April 22, 2004

Farmers facing rise of herbicide-resistant weeds SIUC Country Column

by K.C. Jaehnig

The world's most popular weed killer no longer kills all weeds.

"Marestail (also known as horseweed) that is resistant to glyphosate (the active ingredient in Roundup) was found in Delaware in 2000, and it's spreading," said Bryan G. Young, Southern Illinois University Carbondale's resident weed man.

"We don't have any in the state of Illinois, but it's in Indiana, western Tennessee, western Kentucky, Bootheel Missouri -- the threat is there. I wouldn't be at all surprised if we find glyphosate-resistant plants in Illinois this year."

The state's scientists are already debating whether waterhemp should be on that list. The amount of weed killer needed to dispatch the stuff has crept steadily upward since 1996; the current recommended application rate amounts to more than three times what it was starting out.

But while rate creep suggests a problem, scientists would have to find that some waterhemp weeds survived weed killer much, much better than their run-of-the-mill relatives before pronouncing them resistant.

"That's where the problem is," Young said. "Since our normal population of waterhemp varies widely in its response to glyphosate -- from 0 to 100 percent survival -- it's difficult to determine if a plant that survives is really different."

Farmers generally don't notice resistant weeds until they make up 30 percent of the weeds in a field.

"Anything below that, and they tend to think it's misapplication of herbicide or environmental conditions," Young said.

To fight resistant marestail, soybean farmers are turning to an old standby: 2,4-D.

"It's one of the first selective herbicides ever developed and was used a lot in agriculture beginning in the '40s," Young said.

Gramoxone, FirstRate, Amplify and Classic can also whack the glyphosate-resistant marestail that Roundup leaves behind. But what happens if those fail, too?

"One result of Roundup Ready technology (the development of crops that could withstand weed killer without dying), especially in soybean, is that it's reduced the profit opportunities for herbicide manufacturers," Young said.

"It's so cheap and so effective that there's been little incentive to develop new herbicides."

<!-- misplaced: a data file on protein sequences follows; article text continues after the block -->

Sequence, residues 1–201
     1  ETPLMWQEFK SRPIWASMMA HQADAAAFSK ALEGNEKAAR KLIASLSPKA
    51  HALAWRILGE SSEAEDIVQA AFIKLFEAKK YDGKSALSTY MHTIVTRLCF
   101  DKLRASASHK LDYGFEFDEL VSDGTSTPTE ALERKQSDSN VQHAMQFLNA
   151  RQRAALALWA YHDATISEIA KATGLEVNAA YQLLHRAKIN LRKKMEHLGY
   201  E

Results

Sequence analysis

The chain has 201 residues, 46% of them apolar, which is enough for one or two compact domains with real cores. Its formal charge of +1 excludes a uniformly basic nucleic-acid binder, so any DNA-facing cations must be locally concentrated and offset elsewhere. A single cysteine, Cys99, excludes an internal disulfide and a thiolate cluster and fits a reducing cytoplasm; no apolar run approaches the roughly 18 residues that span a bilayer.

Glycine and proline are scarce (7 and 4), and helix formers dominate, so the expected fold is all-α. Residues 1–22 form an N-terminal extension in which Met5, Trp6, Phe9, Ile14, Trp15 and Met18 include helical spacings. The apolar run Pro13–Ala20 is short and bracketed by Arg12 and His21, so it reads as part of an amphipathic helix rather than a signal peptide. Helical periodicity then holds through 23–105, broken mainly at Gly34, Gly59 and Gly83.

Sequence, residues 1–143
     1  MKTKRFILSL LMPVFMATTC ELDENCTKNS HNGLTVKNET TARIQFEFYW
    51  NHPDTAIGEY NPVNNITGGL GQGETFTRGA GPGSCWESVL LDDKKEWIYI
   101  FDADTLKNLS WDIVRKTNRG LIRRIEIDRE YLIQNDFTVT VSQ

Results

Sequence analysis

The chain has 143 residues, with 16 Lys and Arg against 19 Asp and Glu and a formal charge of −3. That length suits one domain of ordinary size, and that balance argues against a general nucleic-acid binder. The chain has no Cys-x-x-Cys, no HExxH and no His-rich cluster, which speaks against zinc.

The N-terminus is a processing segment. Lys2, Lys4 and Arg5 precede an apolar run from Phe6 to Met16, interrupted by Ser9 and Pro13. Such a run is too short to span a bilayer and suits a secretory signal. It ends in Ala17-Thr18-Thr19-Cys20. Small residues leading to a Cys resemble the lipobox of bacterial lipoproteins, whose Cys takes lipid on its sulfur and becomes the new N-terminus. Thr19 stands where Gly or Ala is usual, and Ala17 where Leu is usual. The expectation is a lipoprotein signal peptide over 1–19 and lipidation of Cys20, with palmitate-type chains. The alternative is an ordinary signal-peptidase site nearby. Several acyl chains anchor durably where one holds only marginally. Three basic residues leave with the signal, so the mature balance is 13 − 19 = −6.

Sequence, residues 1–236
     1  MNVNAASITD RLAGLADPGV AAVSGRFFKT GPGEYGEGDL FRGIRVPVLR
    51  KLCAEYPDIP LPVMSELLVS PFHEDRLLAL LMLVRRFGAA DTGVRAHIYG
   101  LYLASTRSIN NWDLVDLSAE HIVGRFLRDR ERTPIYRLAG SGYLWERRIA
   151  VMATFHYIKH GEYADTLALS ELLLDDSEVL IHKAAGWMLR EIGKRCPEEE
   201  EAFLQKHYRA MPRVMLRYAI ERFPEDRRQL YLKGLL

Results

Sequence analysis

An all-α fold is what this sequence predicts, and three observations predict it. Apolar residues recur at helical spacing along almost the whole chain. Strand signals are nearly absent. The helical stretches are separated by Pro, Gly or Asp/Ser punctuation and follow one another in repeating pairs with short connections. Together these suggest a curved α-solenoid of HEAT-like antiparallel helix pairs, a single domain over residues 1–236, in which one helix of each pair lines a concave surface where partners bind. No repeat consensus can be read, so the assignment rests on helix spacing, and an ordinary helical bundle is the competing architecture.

Down the road, demand from farmers forced to till and hand-hoe weedy fields could provide that incentive, but even so, new weed killers won't come cheap, Young believes.

"We could be back to $20 per acre for weed control," he said.

While nothing can stop the rise of resistant weeds, farmers can do a few things to stave them off as long as possible.

"We can change how we manage weeds -- and notice, I say 'manage,' not 'control,'" Young said.

"Management is reducing or limiting the impact of the weeds on crop yields. Having Roundup Ready beans has given farmers a way to kill tall -- that's 'control' -- weeds, but that's actually worked against production."

The taller the weed, the more likely some are to survive, Young said. That not only cuts yields (Young has found at least a four bushel-per-acre decrease in fields where farmers allowed weeds to get more than 8 inches tall before going out to spray), but it ups the odds for developing resistant weeds.

"These are plants that tolerated the herbicide," Young pointed out. "You don't want them to reproduce."

To protect yield and delay resistance, follow the old way: Apply a residual herbicide before weeds emerge and follow up with a post-emergence herbicide.

And don't cut the application rate as a way to cut costs.

"Herbicide is cheap right now; you're talking $10 or less -- the cost of a bushel of soybean," Young said.

"A small savings on the herbicide bill won't amount to a hill of beans if you wind up with glyphosate-resistant weeds or a reduction in yield."